Thursday, April 26, 2012
Salinas’ Chinatown neighborhood is cordoned off by cyclone and iron fences, and train tracks. It can be tricky to get there, purposefully or by accident. Social service nonprofits like Dorothy’s Place, which feeds homeless and addicted people, anchor parts of it. So it’s a blighted mecca for the downtrodden and desperate.
Wellington Lee, chair of the Asian Cultural Experience and member of the Salinas Downtown Community Board, knows its past in a different incarnation, sees its future in another one, and will share both at this Saturday’s Salinas Asian Festival. It’s a celebration of the area’s former Chinese, Japanese and Filipino residents and cultures through an entire day of food (like sushi and pancet), art, historical photos, demonstrations (of ping-pong, ikebana flower arrangements and martial arts), walking tours, a piano and violin recital, and dances.
“I was born in Soledad in 1944,” Lee says. “My grandfather came in 1908. He ran the merchandise store, had a cocktail lounge, hotel and gambling lounge. He was known as the mayor of Chinatown, Shorty Lee, because he was 4-foot-8.”
Chinese immigrants arrived in Salinas in the 1880s as cheap, reliable ag labor. But because of racial discrimination and the Chinese Exclusion Act of 1882, they were segregated into what is today still known as Chinatown. Japanese immigrants came shortly after, with Filipino immigrants following in the 1920s. They shared the dozen blocks of land, building homes, barber shops, restaurants, hotels and gambling houses.
“On weekends it was hopping,” Lee says. “Soldiers in uniforms, playing cards, picking up ladies of the night. Street preachers preaching the gospel to all the sinners. Three generations of my family lived in back of my grandfather’s store. I would wake up Saturday and Sunday to Mexican love songs blaring from loudspeakers and jukeboxes. Even blacks came to the pool halls. That was a scene.”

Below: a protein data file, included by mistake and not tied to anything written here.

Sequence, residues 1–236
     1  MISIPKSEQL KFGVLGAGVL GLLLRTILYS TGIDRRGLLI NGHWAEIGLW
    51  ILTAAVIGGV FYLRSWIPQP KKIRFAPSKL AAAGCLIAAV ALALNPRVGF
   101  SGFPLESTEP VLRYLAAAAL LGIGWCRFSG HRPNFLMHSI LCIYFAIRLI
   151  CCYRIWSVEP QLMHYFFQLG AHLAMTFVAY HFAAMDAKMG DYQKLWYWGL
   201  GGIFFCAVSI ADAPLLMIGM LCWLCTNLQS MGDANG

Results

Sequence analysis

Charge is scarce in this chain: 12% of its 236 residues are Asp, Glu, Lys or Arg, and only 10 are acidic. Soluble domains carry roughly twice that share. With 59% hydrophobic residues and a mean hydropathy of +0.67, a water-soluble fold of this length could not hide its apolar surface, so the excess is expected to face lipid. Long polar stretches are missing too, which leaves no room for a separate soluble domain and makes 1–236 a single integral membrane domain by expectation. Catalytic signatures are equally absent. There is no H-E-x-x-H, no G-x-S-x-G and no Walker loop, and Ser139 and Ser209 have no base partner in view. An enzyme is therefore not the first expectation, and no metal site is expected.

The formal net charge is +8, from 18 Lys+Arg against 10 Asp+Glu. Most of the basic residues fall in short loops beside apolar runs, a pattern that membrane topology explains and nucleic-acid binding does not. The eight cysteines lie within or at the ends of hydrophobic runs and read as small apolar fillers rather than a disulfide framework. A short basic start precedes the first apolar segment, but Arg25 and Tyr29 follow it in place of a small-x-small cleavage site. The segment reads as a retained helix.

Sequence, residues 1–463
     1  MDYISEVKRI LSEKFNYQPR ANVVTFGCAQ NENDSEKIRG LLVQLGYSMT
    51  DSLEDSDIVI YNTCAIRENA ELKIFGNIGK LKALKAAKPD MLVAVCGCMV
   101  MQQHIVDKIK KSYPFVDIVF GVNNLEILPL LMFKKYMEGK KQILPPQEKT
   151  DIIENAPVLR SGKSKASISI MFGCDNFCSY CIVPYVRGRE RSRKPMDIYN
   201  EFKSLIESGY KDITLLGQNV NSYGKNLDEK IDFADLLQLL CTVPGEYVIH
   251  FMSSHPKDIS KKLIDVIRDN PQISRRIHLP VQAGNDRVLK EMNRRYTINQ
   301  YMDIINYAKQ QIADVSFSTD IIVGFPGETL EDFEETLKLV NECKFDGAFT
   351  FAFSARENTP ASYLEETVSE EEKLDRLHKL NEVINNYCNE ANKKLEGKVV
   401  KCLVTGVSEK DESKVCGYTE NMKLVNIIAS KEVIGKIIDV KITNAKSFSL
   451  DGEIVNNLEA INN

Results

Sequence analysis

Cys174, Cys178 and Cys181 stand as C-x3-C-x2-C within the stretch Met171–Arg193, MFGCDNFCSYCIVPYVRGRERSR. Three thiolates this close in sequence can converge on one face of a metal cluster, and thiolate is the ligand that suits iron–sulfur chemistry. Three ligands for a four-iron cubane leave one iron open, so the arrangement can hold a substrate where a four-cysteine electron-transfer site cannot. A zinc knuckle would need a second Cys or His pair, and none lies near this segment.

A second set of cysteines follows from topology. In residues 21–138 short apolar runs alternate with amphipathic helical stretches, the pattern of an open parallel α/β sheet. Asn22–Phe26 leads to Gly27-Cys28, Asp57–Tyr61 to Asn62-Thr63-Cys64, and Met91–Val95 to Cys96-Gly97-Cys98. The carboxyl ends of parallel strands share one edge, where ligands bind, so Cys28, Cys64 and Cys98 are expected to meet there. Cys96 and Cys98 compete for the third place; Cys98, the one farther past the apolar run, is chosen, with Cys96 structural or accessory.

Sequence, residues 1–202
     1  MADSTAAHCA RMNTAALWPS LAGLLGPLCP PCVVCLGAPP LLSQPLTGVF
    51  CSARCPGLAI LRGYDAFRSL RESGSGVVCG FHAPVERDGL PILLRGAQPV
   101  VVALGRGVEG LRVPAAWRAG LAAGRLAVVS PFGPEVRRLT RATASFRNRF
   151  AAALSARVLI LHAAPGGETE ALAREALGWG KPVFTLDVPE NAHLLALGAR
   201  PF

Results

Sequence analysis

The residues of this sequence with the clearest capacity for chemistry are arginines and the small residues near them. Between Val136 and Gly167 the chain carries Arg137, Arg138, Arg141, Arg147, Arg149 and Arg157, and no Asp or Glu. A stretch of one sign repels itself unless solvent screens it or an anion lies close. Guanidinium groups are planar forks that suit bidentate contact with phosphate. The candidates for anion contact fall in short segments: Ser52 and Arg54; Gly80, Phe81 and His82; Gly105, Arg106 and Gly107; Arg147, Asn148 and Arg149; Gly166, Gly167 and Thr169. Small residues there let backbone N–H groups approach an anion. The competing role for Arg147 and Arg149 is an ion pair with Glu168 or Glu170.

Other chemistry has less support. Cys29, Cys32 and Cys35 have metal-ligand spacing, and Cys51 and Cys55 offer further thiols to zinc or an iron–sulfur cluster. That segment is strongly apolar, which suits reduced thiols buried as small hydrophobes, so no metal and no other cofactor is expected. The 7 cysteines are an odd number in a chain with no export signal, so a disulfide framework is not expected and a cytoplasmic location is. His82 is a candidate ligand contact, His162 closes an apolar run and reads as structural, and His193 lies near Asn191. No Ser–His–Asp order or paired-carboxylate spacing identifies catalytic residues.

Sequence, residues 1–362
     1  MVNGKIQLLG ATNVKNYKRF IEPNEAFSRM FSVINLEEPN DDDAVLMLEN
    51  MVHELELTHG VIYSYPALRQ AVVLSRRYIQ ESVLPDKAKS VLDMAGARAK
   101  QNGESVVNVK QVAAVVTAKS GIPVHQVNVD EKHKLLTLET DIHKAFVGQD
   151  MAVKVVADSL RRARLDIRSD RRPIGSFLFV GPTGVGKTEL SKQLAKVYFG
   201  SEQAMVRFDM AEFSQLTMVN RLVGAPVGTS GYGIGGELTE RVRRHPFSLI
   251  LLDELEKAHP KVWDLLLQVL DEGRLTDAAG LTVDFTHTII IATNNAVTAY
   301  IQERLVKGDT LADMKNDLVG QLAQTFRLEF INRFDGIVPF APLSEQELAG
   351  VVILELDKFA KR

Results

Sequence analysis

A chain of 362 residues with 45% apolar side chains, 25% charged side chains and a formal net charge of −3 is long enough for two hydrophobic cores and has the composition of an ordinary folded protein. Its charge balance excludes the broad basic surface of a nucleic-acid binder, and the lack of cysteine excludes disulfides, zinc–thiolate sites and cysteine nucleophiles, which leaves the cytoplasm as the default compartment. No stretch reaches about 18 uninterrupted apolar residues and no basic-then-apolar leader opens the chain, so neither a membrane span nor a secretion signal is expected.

The three main venues that will keep the pan-Asian culture circulating at Saturday’s festival testify to the firm foundation of life back then: The Japanese Buddhist Temple, the Confucius Church and the Filipino Cultural Center were all built in that heyday. But since the 1970s, Chinatown has become, according to a historical summary of the Salinas Downtown Community Board website, a place of “drug trafficking, illegal dumping and the homeless.”
Jill Allen, development director for the Franciscan Workers of Junipero Serra, which runs the colorfully painted Dorothy’s Place, agrees. The neighborhood was cordoned off to contain that element, she says, and so the nonprofit soup kitchen and social service building set up shop there more than 20 years ago to serve them. Now, ironically, that brings more homeless people and addicts to Chinatown.
“I want people to know there is a need for services for the poor and homeless,” she says. “Around lunchtime [during the festival] people can get in line for lunch with everybody else, rub shoulders with people they’ve never rubbed shoulders with and find out they’re human beings.”
There are eight sites involved in the festival, all within walking distance. The Steinbeck Center will show the exhibit Filipino Voices: Past and Present; Ted Ponton’s Glass Shop will host classic cars and photos; and the Chinatown Community Garden, hosted by CSUMB, will be open. Dorothy’s Place is also one of the sites of the festival, including their once-defunct but rechristened @risK Artisan Gallery, which Allen says will serve as a creative outlet and business enterprise for homeless people: “God willing, we will be open [Saturday] in some form or another.”
The 2010 iteration of the festival focused on Chinatown’s former Chinese community, last year’s on the former Japanese community. This year the Filipino community takes center stage with the opening ceremony – attended by mayor Dennis Donohue, Deputy Consul General of the Philippines Doy Ver and others – and a dance that serves to drive out bad spirits and ensure good tidings.
There is common ground between the business vision of the Chinatown Revitalization Project and the social net of Dorothy’s Place. Allen says there is talk of consolidating the social services work further down the street and turning their soup kitchen into a viable commercial restaurant in the model of L.A.’s Homeboy Industries.
“This used to be a restaurant and a bar, and we could capture some of that Chinatown ambiance,” Allen says.
“We’re trying to do our best to work side by side,” Lee says of the dual efforts.
The Salinas Asian Festival has been – and promises to be again – a bustling event that suggests what Chinatown might look like in the future.
THE SALINAS ASIAN FESTIVAL runs 11am-4pm Saturday, April 28, in Chinatown (Soledad, Lake, California and Calle Cebu streets), Salinas; parking at Expo Park, end of Calle Cebu. Free. 757-3592, www.salinasasianfestival.com